On the evening of the 4th inst. a lurid glare rising above the woods that separated us from Fort Pillow betokened the evacuation and destruction of the last but one of the defences of the Confederates on the banks of the Mississippi. Captain Phelps, commanding the flag-ship of the flotilla, immediately started on a reconnaissance round Craighead Point, whence an uninterrupted view of the works could be obtained, and found the flames to proceed from the burning of gun-carriages, cotton embrasures, and barrack-sheds. Beauregard's retreat from Corinth had induced the abandonment of Fort Pillow; and, to make its occupation as profitless as possible to the Federals, the torch had been applied to what remained. Nothing could be seen of the Confederate fleet; and the presumption was they had fallen back to Memphis, seventy-five miles below, the result proving this surmise to be correct. As it would have been extremely unwise to land a force with the risk of magazines exploding, it was determined to delay the occupation till the following morning, and accordingly at daylight on the 5th the flotilla weighed anchor, and steamed down to the still smoking line of earthworks. The position of Fort Pillow struck me as being remarkably strong both naturally and artificially. Situated on a bold rise known as the First Chickasaw Bluff, it commanded the bend in the river, which here has its channel immediately under the cliff, and within a hundred yards of the guns, most of which would direct a plunging fire on passing vessels. The works were in three tiers, and composed of a water battery over a quarter of a mile in length, a series of strong redoubts midway up the face of the bluff, and an upper series partially hidden by dense foliage. A semicircular line of rifle-pits, running three miles back in the country, protected the garrison from attack in the rear. The Confederates had evidently been engaged for some time removing their guns, as we found only twelve remaining when we landed. A portion of these had been spiked, some had been burst, and others had been dismounted; but still some half dozen might prove serviceable to the Federalists. There is no doubt the Southerners had had at least fifty guns in position; but, finding they would sooner or later have to evacuate, they had gradually removed the greater number of their pieces to strengthen the batteries being constructed at Vicksburg, the last barrier closing the Mississippi to the Federalists. By the time this letter appears in print the "Father of Waters" will pursue his course uninterrupted by cannon from his source to the Gulf of Mexico, and Vicksburg, the final stand-point of the Confederates, will have been wrenched from them by Davis and Farragut.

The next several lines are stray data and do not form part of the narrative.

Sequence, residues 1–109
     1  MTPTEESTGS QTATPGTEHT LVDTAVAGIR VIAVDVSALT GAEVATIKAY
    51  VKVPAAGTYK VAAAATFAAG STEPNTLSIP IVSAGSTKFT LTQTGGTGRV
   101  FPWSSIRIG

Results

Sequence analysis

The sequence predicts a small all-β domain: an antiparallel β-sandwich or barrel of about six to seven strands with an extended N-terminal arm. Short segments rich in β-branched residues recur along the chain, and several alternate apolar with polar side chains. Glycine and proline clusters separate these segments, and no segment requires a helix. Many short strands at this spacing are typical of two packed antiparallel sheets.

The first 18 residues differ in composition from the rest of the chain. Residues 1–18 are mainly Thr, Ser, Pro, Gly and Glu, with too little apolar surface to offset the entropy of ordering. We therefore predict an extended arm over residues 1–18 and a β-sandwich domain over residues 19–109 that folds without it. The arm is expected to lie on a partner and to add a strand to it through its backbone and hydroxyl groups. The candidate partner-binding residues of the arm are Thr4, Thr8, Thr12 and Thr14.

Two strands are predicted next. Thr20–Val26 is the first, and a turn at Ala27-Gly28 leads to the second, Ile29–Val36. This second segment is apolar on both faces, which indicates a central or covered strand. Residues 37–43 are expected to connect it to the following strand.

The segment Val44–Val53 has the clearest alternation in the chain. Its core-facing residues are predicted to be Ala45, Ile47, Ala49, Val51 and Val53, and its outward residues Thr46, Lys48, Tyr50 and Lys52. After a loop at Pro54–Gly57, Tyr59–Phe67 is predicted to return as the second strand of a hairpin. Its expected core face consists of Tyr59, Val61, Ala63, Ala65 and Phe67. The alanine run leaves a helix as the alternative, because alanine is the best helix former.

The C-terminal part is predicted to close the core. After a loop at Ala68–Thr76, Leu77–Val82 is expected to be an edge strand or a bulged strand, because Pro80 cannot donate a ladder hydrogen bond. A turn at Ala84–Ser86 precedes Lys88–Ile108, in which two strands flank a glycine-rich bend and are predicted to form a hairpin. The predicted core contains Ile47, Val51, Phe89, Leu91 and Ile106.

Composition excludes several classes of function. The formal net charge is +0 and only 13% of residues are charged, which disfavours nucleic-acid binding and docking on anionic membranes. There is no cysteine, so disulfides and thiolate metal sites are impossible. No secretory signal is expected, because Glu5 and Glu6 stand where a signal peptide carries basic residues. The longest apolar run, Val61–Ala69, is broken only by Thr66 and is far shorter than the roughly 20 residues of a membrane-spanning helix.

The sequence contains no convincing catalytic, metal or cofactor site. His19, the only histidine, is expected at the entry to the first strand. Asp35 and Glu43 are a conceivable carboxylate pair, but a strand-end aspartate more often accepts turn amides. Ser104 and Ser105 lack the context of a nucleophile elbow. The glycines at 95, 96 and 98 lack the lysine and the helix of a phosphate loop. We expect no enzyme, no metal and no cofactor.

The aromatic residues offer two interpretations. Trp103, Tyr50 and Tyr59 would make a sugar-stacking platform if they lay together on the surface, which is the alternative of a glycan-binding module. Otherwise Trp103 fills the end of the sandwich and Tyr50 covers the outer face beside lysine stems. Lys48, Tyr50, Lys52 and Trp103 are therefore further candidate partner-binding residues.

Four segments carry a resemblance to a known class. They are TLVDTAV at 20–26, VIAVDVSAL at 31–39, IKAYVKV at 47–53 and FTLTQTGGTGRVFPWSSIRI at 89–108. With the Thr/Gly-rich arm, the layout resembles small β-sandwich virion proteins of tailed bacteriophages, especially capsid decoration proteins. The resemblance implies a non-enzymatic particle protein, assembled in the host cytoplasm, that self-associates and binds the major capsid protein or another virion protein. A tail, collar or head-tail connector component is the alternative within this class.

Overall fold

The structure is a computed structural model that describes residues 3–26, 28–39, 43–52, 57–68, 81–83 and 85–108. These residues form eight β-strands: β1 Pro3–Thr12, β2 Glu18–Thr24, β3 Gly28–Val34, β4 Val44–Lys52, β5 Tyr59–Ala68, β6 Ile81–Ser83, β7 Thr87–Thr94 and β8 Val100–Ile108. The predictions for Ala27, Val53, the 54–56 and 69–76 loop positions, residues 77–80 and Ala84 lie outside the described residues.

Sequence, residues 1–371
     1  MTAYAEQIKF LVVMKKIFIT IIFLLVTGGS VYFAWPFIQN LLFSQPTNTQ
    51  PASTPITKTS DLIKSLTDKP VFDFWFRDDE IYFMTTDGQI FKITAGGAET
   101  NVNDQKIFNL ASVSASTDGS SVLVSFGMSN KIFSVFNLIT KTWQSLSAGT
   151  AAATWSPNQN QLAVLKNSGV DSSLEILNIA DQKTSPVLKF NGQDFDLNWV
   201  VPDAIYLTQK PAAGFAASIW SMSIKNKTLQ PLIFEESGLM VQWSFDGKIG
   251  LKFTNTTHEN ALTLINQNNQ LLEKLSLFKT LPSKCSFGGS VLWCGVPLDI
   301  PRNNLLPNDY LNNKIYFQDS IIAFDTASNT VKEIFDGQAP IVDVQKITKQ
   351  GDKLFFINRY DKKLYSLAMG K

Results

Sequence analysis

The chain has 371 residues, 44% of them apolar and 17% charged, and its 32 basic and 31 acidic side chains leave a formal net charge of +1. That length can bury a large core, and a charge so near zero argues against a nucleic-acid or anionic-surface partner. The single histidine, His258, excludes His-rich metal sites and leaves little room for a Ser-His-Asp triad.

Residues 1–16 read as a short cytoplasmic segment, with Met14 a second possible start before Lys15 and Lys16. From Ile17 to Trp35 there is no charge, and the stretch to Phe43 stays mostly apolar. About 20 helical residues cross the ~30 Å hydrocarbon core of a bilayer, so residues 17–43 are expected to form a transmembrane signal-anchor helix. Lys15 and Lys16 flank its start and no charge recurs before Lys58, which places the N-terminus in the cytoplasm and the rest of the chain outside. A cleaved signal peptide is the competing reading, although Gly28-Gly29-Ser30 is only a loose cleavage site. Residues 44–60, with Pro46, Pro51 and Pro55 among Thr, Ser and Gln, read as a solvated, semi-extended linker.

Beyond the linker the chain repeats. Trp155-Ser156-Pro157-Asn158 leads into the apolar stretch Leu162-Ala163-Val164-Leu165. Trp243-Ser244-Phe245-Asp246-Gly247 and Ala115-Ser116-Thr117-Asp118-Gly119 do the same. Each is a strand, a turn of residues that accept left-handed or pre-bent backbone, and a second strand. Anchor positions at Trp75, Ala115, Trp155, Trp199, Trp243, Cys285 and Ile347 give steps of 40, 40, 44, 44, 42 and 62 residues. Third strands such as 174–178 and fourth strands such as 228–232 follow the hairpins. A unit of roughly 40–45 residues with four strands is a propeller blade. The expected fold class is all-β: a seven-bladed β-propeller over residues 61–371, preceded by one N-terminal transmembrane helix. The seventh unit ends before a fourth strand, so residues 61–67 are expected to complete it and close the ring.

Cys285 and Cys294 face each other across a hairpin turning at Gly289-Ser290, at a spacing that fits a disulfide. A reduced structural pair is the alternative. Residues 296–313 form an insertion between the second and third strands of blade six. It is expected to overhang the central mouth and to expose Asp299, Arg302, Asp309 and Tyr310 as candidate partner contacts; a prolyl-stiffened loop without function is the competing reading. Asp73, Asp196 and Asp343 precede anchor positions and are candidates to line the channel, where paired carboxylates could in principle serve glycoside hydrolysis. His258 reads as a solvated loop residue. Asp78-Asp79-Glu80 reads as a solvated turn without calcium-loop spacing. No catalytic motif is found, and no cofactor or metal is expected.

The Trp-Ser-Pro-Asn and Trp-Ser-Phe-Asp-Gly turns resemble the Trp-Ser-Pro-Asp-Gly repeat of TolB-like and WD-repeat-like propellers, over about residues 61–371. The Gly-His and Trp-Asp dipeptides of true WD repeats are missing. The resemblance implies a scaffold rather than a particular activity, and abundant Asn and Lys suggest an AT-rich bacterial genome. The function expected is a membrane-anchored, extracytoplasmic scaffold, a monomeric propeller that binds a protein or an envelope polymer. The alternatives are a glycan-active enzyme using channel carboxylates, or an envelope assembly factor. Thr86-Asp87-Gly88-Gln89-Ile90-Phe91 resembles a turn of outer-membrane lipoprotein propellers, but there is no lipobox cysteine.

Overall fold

Remaining at Fort Pillow but time enough to make arrangements for holding it, the flotilla, consisting of five gun-boats, accompanied by the transports, steamed down the river for Memphis. Now I realised to the fullest extent the barbarous and wanton destruction of property of which the Secessionists are guilty. Whenever we approached a plantation on either the Tennessee or the Arkansas shore we were certain to see a column of smoke rising in the neighbourhood, indicating the burning of cotton, or else the water would be covered by floating masses cast from the bank into the stream. Passing within hailing distance of one of these plantations, and noticing some men engaged in efforts to save a quantity that had become entangled with some drifting timber, I called and asked them by whose orders their property had been destroyed. Their reply was, "They say it's by order of the Government, but there aint been no such thing in this dog-goned country for over a year." I then asked if they were glad to see the stars and stripes back again, and the answer was, "We guess we are, mighty so;" and, in token of this feeling being pretty general, numbers came down through the woods and cheered us as we passed along. We learned that the Southern fleet had preceded us but a few hours, and that their crews had landed and searched every plantation they came to for cotton, which they either burnt or threw into the river, despite the protestations of the owners. One of their transports we overtook and captured while engaged in this vandalism, but the more responsible of those who were on board landed and escaped across the country before we took possession of her. That night, at ten o'clock, we anchored three miles above Memphis, concealed from the town by a cluster of islands known to Mississippi boatmen as "Paddy's Hen and Chickens." The next day, June 6, was to decide the fate of the city, perhaps of the Federal flotilla, for, undoubtedly, there would be a great passage of arms between the rival fleets, the crews of one fighting beneath the eyes of their Southern belles and inspired to deeds of valour by their presence. An hour after the flotilla had come to its moorings a dead silence reigned on every vessel: many that night said "God save us!" and others cried "Amen!"